Belfast Telegraph

HSE warned over MS sufferer

The health service has been warned to change after a terminally ill multiple sclerosis sufferer was forced to prove her sickness to have a medical card renewed.

Tanaiste Eamon Gilmore said he was unhappy at the treatment of right-to-die campaigner Marie Fleming, whose partner Tom Curran was repeatedly asked for information on her condition.

In written exchanges with medical card auditors in the Health Service Executive (HSE), Mr Curran said he was forced to explain that a terminally ill disease does not miraculously go away.

The HSE claimed a review form was routine and prompted a request for extra information, but said it regretted the inconvenience.

Mr Gilmore said: "I think it does show that the system can be quite cold at times and I think that's something we have to address."

Ms Fleming is one of thousands of sick people being assessed for eligibility for free health care in a cost-saving crackdown.

The 59-year-old, who lost a Supreme Court challenge earlier this year to end her life with assistance, retained her medical card despite having to prove her eligibility.

No one medical condition ensures automatic entitlement to the card. It is based on means and an application is assessed by a panel of medics if a patient is just above the threshold.

Taoiseach Enda Kenny said he does not blame Mr Curran for being annoyed and warned that lessons need to be learned by health chiefs.

"A person does not become un-terminally ill," he said.

Ms Fleming, a former university lecturer and academic, was diagnosed with MS in 1986 and can only move her head. The mother-of-two is continuously fighting infections, lives in constant pain, cannot swallow and suffers choking sessions which she fears will kill her.

She is entitled to a full medical card which has in the past been renewed automatically.

The Taoiseach said if there were further calls from the HSE for her to prove her illness, the process must be changed.

"A person who is deemed and verified to be terminally ill is not suddenly going to have their medical condition changed," Mr Kenny said. "So there needs to be compassion and an effective understanding of how that card is to be renewed."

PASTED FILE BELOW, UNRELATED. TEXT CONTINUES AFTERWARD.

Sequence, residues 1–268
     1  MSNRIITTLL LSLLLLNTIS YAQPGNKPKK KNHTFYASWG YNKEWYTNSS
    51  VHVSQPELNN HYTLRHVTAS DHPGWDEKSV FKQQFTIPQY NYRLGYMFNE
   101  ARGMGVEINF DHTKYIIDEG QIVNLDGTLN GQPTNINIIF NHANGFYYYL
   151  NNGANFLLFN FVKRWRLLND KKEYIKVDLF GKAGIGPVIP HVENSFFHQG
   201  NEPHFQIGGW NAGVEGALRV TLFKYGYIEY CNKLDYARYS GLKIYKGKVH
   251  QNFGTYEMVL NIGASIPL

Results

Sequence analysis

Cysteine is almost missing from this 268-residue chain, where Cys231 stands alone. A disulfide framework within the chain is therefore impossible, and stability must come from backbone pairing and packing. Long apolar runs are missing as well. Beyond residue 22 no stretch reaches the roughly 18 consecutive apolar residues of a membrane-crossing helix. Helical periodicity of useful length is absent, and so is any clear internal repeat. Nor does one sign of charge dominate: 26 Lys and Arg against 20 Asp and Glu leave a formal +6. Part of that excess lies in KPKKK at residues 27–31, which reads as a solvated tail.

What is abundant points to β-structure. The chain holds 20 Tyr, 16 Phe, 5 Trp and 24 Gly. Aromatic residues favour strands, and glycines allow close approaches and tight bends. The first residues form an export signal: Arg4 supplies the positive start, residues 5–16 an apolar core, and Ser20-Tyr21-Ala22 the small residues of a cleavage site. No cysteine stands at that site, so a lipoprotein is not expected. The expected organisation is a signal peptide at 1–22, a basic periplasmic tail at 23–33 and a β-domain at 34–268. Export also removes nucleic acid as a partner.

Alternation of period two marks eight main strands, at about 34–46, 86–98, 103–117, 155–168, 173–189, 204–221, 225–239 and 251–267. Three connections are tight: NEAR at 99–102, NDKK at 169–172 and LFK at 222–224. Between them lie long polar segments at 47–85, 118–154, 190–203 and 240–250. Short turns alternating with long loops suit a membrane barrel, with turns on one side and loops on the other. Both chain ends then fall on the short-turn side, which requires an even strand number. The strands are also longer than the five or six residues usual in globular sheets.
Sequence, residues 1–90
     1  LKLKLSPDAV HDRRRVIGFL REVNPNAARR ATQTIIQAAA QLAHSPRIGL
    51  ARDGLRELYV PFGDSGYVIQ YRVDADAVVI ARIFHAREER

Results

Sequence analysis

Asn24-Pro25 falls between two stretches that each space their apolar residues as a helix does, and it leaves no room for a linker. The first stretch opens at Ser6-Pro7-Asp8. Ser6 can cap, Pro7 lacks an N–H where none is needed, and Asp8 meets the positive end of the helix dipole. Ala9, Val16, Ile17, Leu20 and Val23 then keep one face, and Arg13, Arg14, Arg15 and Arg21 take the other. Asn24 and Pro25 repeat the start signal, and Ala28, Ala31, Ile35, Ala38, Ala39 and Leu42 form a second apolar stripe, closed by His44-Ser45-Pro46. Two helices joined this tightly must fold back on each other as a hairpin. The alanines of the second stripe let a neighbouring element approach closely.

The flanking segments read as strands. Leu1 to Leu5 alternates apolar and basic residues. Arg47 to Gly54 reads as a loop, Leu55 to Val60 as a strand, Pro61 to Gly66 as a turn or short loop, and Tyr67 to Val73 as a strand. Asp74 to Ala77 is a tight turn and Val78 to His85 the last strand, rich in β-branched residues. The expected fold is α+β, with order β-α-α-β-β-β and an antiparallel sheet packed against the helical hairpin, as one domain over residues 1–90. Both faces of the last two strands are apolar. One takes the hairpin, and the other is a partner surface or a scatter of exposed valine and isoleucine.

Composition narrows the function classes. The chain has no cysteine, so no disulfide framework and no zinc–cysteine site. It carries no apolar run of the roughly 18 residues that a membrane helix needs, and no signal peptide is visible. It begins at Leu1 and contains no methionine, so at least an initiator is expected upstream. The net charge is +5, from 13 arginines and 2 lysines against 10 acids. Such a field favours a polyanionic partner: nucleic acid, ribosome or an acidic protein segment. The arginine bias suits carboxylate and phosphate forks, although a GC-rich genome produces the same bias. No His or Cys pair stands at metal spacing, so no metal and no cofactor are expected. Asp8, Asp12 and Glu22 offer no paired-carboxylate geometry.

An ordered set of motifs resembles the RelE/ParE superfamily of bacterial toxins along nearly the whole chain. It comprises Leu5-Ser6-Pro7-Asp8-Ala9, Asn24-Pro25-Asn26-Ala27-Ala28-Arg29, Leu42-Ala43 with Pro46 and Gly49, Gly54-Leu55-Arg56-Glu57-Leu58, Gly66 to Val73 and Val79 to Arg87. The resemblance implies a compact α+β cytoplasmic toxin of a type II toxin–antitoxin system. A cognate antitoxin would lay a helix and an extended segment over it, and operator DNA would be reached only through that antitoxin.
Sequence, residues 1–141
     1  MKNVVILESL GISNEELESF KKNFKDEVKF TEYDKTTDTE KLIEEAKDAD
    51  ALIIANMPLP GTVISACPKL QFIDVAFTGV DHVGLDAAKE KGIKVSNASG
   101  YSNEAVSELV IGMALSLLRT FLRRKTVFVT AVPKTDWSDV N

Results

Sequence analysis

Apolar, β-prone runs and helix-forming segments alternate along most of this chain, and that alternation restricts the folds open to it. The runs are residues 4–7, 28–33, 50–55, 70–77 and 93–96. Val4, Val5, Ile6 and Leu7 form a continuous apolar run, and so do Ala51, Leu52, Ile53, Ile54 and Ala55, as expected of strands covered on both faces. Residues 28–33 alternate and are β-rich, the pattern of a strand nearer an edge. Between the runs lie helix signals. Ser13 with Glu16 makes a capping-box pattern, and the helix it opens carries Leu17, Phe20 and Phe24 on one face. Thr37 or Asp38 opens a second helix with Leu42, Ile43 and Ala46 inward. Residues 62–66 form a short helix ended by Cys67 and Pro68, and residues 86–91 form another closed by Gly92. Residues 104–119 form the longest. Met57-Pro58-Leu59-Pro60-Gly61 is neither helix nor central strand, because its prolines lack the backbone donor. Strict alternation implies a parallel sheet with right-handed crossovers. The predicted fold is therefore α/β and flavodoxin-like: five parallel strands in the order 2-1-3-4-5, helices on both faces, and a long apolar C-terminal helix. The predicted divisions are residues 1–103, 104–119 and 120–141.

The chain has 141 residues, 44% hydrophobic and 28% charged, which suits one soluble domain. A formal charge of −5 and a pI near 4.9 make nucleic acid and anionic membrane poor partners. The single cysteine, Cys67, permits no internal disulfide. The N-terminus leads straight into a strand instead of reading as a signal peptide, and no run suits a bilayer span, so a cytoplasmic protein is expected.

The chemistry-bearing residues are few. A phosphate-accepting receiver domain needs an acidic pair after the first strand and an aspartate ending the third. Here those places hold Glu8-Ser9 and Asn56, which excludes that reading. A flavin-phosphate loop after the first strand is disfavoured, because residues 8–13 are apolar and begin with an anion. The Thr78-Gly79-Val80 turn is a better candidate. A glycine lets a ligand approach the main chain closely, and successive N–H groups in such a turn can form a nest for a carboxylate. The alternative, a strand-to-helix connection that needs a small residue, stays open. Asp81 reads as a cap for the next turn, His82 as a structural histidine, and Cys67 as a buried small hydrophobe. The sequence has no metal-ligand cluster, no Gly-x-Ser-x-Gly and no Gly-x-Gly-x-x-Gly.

In a statement, the HSE said: "As soon as the HSE became aware that the individual has a terminal illness, steps were immediately taken to ensure eligibility remained in place.

"The medical card processing centre (PCRS) has a database of more than two million people and handles over 10,000 pieces of correspondence each week.

"A review form was issued as part of routine procedures, which prompted a request for some additional information. The HSE regrets any inconvenience the correspondence may have caused."

In her case against Ireland, the Attorney General and the Director of Public Prosecutions, Ms Fleming claimed section 2.2 of the Criminal Law (Suicide) Act, which renders it an offence to aid, abet, counsel or procure the suicide of another, is unconstitutional on grounds that it breaches her personal autonomy rights under the Irish Constitution and the European Convention on Human Rights.

Mr Curran had previously called on politicians, including Mr Kenny, to legislate for assisted suicide with necessary safeguards.

The Government announced in last month's budget plans to review the medical card process in a bid to hit a 113 million euro (£95 million) savings target.

Figures unveiled last week revealed 428,682 medical cards have been reviewed this year. The HSE said about 45,000 have been withdrawn since January 1.

Some 10,393 cards issued on a discretionary basis have been taken from patients and either replaced with GP cards, full medical cards or none at all.

Since October 1, 38,495 people have been removed from the system after their medical cards were found to have been inactive.

The HSE said it expects to have reviewed 600,000 medical cards by the end of the year.

About 35,000 of the 350,000 over-70s who have medical cards are expected to be moved to the free GP visit card, the HSE said.

Approximately 1.86 million people have a full medical card as well as 123,424 with a GP-only card.

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